(L)Plaque commemorating the naming of the park, right in front of (R)the big fountain featured in the northern portion of the park.

   

(L)Crepe myrtle with a few flowers, dwarfed by live oak, covered in Spanish moss (which seemed to cover nearly every tree). (R)Walled 'fragrant' garden

   

(L)Little bird pond/fountain in the middle of the fragrant garden. Not much there in the heat of summer's end, but I did find this one (R)rose.

   

(L)Confederate memorial. (R)Spanish-American war memorial.

   

Just to give you a sense of the very different vibe of the area, here are some of the houses lining the park:

      

Dolphin Boat Tour

Our next stop was a dolphin boat tour. Savannah is situated on the Savannah River, but fairly close to the mouth where it flows into the Atlantic. As a result, there are Atlantic bottlenose dolphins that hang out downriver of the city. I had first seen a company that operates out of Savannah proper, but it was twice the price of all the other companies I eventually found, which launch from Tybee Island. If Hilton Head is Savannah's nearby resort town, Tybee is its nearby beach town - no fancy chain hotels, no fancy vacation communities. We were planning on visiting Tybee anyway, so it was a no-brainer to drive out that way for the dolphin tour as well. We booked an 11:30 tour with Captain Derek's Dolphin Adventure - $16/person after tax for a 60-90 minute ride. They let us bring the stroller on without a problem, though I had to carry it to where we sat as the boat is not quite big enough for maneuvering the stroller.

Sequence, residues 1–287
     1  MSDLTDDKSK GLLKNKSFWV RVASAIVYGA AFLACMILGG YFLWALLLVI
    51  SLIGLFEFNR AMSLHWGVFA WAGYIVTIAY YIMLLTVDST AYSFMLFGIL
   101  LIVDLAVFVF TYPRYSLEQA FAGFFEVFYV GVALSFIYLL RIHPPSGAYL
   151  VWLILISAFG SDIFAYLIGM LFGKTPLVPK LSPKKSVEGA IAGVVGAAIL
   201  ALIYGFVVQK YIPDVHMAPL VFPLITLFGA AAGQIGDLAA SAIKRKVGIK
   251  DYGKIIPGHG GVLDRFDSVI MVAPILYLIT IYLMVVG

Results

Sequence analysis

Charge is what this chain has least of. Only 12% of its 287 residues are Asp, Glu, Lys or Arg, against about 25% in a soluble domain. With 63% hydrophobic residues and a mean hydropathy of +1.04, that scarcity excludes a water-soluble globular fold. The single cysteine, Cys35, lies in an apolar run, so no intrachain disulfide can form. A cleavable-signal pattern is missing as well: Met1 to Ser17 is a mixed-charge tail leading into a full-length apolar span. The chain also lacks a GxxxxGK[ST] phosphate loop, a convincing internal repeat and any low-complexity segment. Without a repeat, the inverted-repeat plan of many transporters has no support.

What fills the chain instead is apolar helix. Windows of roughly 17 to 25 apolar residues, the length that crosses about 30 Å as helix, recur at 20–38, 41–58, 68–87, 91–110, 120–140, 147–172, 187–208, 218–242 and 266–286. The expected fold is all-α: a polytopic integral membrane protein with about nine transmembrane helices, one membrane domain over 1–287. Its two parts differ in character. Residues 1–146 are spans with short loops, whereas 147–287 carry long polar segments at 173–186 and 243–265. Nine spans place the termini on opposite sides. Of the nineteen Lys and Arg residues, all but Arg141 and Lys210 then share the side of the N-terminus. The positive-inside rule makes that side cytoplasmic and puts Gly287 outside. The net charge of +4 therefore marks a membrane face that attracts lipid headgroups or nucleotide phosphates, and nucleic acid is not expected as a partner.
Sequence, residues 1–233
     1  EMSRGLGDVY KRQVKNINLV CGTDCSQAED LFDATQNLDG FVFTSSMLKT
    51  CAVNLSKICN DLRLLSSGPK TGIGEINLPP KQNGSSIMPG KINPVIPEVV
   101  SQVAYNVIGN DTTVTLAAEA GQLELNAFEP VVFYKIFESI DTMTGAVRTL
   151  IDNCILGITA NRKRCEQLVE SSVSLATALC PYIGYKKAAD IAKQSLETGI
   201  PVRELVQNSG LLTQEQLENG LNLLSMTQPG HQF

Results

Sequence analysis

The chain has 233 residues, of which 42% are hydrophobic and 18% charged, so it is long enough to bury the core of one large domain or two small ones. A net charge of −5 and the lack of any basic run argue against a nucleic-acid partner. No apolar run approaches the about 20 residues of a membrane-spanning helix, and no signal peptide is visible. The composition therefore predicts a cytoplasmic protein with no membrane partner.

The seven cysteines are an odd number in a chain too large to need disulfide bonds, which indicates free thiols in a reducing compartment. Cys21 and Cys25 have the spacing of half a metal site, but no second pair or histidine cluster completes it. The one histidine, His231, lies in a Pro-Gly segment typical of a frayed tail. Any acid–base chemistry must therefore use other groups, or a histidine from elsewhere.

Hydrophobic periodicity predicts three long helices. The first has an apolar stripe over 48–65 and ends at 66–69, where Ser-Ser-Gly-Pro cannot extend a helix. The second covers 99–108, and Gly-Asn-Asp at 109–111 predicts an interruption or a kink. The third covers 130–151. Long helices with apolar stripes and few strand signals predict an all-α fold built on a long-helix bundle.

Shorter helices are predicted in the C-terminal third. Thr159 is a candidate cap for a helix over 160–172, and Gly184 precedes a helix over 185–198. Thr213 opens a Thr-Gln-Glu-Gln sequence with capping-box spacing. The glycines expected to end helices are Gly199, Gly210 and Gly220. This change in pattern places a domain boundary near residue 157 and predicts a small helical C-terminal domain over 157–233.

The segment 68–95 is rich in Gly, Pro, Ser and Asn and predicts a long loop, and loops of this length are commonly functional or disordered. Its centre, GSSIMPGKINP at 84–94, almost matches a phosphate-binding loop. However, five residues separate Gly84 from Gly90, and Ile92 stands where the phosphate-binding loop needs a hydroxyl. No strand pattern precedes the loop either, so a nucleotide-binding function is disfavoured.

They operate with a captain piloting the boat, and another guy who basically attempts to entertain with jokes, and points out the dolphins when they start appearing. We saw a good number of dolphins at a distance, until finally a pair of them decided to come right up to the boat and say hi. They also speed the boat up at one point to make waves, hoping to have the dolphins 'surf' in the wake, but they were unsuccessful getting the dolphins to do that on our tour. It's a nice ride providing some relief from the heat and humidity, and it was definitely cool to see the dolphins up close. If I were to do something like this again though, I'd make sure to bring something faster than my point and shoot, as you have to be quick to catch the dolphins in frame.